Tidal Echoes

UAS’s Literary and Art Journal


Staff Writer, UAS Whalesong

More than 450 submissions of poetry, fiction, non-fiction and art were received for this year’s Tidal Echoes. 

The annual University of Alaska Southeast literary and arts journal will be launched April 19 at an event on the Juneau campus. This year’s number of submissions is a record.

Associate Professor of English Emily Wall, and a former faculty member, wrote a grant about 18 years ago to start a UAS literary journal run and edited by students.  After five years, the UAS chancellor started to fund the journal permanently.

“We wanted a journal that published work from all over Southeast Alaska,” Wall said. “We accept submissions from anyone living full time in Southeast Alaska and one of our primary goals is to have representatives of multiple communities, like Kake, Wrangell, and Metlakatla.”

UAS students, faculty, staff, and Southeast community members, including high school students, submit their work for publication.

“Each year students are interns or editors and work with me on it,” Wall said. “I kind of oversee the whole thing but they do the actual editing work. We have a board of students and faculty members, staff members, sometimes community members.”

According to Wall, the board blind judges all the submissions and chooses those that will be published. The art is juried by Juneau and Sitka campus art professors. 

India Busby, a liberal arts major, is this year’s senior editor for Tidal Echoes. The senior editor is in charge of the editing process.

“I was friends with last year’s senior editor, and I also took a creative writing class with Emily Wall. I just kind of got involved by talking to both of them and worked closely with Emily,” Busby said. 

The incoming senior editor is chosen by Wall and the current senior editor. The senior editor works their way up to the position by interning or mentoring with the editing team, according to Wall and Busby.

“There are definitely times that it could be a little stressful and there are definitely times that it’s a lot of fun. But overall it’s definitely rewarding, especially when you’re holding the journal and you’re like ‘I did that,’” Busby said.

Submissions for Tidal Echoes are due Dec. 1 every year. It is published and ready for sale in April.

Tidal Echoes is sold in bookstores throughout Southeast Alaska at a price of $5.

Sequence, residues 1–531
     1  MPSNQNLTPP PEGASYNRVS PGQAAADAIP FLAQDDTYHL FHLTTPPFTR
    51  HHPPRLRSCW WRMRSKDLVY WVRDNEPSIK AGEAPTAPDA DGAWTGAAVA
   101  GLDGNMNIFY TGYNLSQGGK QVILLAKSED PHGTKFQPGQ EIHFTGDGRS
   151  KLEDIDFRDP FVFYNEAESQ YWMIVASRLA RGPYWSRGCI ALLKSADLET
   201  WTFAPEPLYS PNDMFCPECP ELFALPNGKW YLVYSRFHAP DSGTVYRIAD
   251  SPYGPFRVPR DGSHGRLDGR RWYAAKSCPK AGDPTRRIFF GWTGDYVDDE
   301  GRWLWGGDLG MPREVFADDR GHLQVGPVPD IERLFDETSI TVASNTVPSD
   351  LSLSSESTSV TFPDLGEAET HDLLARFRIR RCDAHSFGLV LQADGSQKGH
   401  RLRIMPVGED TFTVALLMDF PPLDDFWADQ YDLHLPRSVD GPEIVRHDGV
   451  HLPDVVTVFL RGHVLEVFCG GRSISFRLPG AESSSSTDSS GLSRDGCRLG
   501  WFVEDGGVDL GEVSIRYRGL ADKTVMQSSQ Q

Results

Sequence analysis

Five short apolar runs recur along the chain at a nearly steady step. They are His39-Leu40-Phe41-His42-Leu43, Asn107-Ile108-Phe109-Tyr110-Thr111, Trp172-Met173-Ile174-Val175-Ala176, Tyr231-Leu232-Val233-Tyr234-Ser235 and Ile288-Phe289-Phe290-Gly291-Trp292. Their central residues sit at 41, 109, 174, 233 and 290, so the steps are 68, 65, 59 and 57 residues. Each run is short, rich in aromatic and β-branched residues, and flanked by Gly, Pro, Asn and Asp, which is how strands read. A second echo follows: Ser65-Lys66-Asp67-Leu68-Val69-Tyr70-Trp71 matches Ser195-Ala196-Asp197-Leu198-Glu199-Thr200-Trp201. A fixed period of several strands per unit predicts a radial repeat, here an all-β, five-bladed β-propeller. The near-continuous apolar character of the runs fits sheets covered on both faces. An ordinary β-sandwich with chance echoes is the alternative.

“One of the things we did early on is we made them really cheap,” Wall said. “We want to put this book in everyone’s hands. It showcases the amazing students we have here because it is a student project.”

The Tidal Echoes team hosts a launch party on the UAS Juneau campus to promote and celebrate the journal, which are also available to purchase. The Juneau and UAS community are invited to eat snacks and watch the year’s featured writer and artist present their work.

Wall encourages students to attend the launch because she said it is a good opportunity to get involved with the journal. 

“We really like to see students at the launch. Twenty-five percent of the journal is UAS students’ work so if students are interested in publishing in it coming to the launch is a great way to see what it is about,” Wall said.

This year’s April 19 launch begins at 7 p.m. in Egan Lecture Hall. 

An excerpt from Tidal Echoes 2019

provided by India Busby

A baked potato

Maija Olšteina, UAS student, Juneau

I scrub his skin

of all the mud and grub,

in fact,

I scrub his skin

so thin


as he moans with pleasure

and turns his plump body towards me.

I wrap him warm

in a blanket,

he giggles and tucks

the blanket under his chin.

Shiny aluminium

illuminating the night,

I throw him in the fire.

He won’t put up a fight.

As his body heats up

his skin pops.

Delicious blisters

Editor’s Note: Whalesong staff writer Melissa Scriven will be published in this year’s edition of Tidal Echoes. Congratulations, Mel!

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